Just to follow up, I could see a lot of people accepting that on kind of a large scale, that mankind has sinned and therefore there is this wrath or holiness. Where people might stumble is the notion that, say, there is a Christian missionary over there in Sumatra, and that person, who would be saved according to Christian theology, that that person, that individual is slain too.
Absolutely. Absolutely. And it happened. I mean, whole Christian churches were swept away. One in Tamil Nadu, the only person left was the organist. That was one email I got. I assume it’s true. Another one in Sumatra. So you’re absolutely right. And of course, that takes no biblical person off guard because Paul, in the most hope-giving chapter in the Bible, in Romans 8, says,
Who shall separate us from the love of Christ? Shall tribulation, or distress, or persecution, or famine, or nakedness, or danger, or sword? As it is written, “For your sake we are being killed all the day long; we are regarded as sheep to be slaughtered.” No, in all these things we are more than conquerors through him who loved us. (Romans 8:35–37)
And the two words in there that jump out is famine and nakedness. You say, “Well, sword, that means somebody killed you,” and so evil’s involved. But what about famine and nakedness, where Christians themselves are being swept away?
Earlier in that chapter, Romans 8:23, it says, “[Even] we ourselves, who have the firstfruits of the Spirit, groan inwardly as we wait eagerly for adoption as sons, the redemption of our bodies.” So the Bible’s crystal clear. Judgment falls on the universe on the world because of sin. Romans 5, “Sin came into the world . . . and death [by] sin” (Romans 5:12). And it’s real clear, that’s my sin. I’m going to die. I am still under that kind of judgment. The difference is the sting has been removed for those who trust in Christ, and death becomes a door to paradise. My salvation doesn’t remove me from suffering of any kind except the torment of not being forgiven and the final torment of hell.
I’m going to go through death, I’m going to get cancer, I’m going to get arthritis. My eyes are already going, my ears are already going at age 58. And so I don’t expect anybody who is saved by faith in Jesus Christ to be spared a tsunami. I expect churches to be swept away. And the hope there is, what can separate us from the love of Christ? Nothing. Neither death nor angels nor principalities nor powers nor anything in all creation. Paul’s climactic statement in Romans is, “You will walk through hell, and you will be saved in the end.” And he’s talking to Christians.
I think these are the hardest questions that anyone can ask, actually. I’m so glad to have you on the other end answering them for me. Let me ask you a John Sanders question. His faith was very much shaped by a question or something that someone said to him after his brother was killed when he was a teenager. And something like God is sovereign, or something like that. And he said, “You mean God intended to kill my brother?”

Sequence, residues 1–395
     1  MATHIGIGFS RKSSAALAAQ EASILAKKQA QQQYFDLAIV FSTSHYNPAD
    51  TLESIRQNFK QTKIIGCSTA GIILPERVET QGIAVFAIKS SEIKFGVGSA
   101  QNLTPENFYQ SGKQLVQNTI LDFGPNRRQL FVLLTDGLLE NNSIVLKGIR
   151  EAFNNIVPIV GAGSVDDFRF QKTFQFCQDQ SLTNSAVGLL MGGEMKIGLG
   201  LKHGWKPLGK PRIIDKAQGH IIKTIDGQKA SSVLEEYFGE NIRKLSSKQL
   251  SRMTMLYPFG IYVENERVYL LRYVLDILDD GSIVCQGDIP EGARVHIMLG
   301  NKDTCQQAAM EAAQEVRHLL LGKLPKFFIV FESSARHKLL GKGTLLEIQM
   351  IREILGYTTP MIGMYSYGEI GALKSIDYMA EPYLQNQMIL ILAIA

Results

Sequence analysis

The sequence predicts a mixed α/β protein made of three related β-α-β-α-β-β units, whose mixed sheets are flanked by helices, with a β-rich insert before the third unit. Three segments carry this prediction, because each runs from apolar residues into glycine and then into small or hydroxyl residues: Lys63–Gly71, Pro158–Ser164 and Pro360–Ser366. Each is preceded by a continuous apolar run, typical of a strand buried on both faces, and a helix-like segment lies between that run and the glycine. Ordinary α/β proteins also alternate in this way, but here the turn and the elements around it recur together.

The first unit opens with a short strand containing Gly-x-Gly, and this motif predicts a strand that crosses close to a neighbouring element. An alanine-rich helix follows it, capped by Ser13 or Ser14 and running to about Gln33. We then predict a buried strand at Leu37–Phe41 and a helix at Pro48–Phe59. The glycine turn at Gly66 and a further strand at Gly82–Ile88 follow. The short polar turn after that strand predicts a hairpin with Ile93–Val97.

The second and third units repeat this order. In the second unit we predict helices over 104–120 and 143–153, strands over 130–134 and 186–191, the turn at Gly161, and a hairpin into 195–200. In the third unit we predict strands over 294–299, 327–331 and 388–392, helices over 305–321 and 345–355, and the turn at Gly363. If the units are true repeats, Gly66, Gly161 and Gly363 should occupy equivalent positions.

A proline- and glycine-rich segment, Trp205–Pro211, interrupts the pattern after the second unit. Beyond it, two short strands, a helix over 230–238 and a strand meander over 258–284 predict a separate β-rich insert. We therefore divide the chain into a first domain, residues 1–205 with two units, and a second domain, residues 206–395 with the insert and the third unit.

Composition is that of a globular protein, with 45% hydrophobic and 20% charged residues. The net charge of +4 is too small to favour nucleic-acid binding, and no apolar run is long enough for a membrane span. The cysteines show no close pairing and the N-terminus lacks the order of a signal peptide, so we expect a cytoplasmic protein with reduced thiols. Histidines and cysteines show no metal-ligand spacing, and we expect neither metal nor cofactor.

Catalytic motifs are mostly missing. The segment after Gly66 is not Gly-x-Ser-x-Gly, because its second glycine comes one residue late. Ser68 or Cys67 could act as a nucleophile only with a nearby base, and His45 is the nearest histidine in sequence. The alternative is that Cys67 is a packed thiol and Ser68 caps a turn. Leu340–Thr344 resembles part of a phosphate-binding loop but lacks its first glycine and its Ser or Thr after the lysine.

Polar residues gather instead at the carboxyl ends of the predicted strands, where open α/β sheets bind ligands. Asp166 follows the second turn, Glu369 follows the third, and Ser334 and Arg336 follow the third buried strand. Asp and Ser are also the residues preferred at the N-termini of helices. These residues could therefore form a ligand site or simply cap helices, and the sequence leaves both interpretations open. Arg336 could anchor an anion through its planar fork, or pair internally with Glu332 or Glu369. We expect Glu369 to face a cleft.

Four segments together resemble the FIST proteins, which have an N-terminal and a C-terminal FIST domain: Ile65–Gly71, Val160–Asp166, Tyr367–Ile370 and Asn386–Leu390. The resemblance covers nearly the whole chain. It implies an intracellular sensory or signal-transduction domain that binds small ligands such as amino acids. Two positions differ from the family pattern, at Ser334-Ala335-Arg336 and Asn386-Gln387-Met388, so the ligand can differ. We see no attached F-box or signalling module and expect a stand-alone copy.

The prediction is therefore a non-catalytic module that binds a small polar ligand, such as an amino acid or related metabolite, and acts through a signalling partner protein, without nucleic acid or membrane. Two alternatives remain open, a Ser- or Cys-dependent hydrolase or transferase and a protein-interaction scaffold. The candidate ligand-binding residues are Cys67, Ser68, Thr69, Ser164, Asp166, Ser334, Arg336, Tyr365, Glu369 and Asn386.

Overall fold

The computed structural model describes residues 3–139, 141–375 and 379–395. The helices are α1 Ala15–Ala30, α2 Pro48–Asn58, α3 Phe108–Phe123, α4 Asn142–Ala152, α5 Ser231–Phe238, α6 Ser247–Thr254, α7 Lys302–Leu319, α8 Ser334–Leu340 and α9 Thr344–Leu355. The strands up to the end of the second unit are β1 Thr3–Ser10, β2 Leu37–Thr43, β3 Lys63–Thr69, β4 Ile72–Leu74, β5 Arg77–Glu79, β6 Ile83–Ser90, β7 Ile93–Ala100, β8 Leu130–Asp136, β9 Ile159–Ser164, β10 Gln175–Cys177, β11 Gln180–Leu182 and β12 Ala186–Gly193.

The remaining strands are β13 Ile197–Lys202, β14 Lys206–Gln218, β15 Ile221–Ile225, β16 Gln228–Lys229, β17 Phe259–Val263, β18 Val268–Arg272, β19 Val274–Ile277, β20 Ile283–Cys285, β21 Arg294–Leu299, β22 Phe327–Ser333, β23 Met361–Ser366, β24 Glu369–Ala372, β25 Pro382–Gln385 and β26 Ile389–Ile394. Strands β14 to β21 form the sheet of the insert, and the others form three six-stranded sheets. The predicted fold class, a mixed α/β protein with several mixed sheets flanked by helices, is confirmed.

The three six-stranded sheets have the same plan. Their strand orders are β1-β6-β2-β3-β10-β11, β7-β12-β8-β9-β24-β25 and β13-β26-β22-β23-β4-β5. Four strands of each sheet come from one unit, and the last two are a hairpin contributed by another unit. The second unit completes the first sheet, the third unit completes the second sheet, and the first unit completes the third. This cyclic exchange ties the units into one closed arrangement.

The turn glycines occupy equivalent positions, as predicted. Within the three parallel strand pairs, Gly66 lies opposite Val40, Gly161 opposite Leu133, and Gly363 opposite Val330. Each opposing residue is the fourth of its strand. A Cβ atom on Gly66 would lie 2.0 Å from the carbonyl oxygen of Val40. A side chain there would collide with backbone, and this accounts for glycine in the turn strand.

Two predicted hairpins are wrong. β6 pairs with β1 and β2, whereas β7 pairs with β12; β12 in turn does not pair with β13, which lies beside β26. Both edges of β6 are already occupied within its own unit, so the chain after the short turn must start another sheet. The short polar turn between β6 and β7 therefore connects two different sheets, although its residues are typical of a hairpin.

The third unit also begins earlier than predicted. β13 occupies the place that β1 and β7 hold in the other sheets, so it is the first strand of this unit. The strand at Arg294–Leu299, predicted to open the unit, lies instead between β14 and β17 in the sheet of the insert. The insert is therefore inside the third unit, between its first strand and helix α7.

And no, that kind of personal thing is what shapes a lot of people’s theology. And I fear, in his case, and I could name several others, those personal stories have warped their exegesis. And it grieves me because I think, perhaps a more sensitive pastor could have walked him through the truth in a more sensitive way. But here’s another alternative. I don’t know if you remember the story of the five missionaries who were killed in Ecuador. It’s a very famous story, back in 1956. Well, one of those men, Nate Saint, had a son named Steve. Steve’s about my age now. He’s in his mid-fifties. And he wrote an article for CT, you could probably find it, in which he had done some subsequent research and found out that it was absolutely extraordinary that the spearing of those five missionaries happened in Ecuador because it was so unlikely that it would happen.
And he had this sentence. And I got on the phone and told my assistant, track this down. I want to know if he really said this or if this is a misprint. He said, “From all my research, from all I can tell, this event could not have happened apart from the intervention of God.” And I said, “Surely, he said that upside down.” He said that backward. He really didn’t mean that. Surely he meant this wouldn’t have happened if God had intervened. But he said, “This couldn’t have happened if God had not intervened. It was so unlikely.”
And I wrote him, I said, “My paraphrase of that is, ‘God killed my Father.’ Is that an accurate paraphrase?” Which is John Sanders’ statement: “You’re saying God intended?” And he wrote back and said, “Yes, that’s what I believe.” I called him, I’ve invited him to come to a conference here next October called “Suffering and the Sovereignty of God” down at the Minneapolis Auditorium, where we hope three thousand people will come, and Joni Eareckson Tada will come. You know who she is, probably. She’s written incredibly wise things about this. And he’ll come from the mission’s perspective. I’m trying to get an African-American to come and talk about the pain of slavery.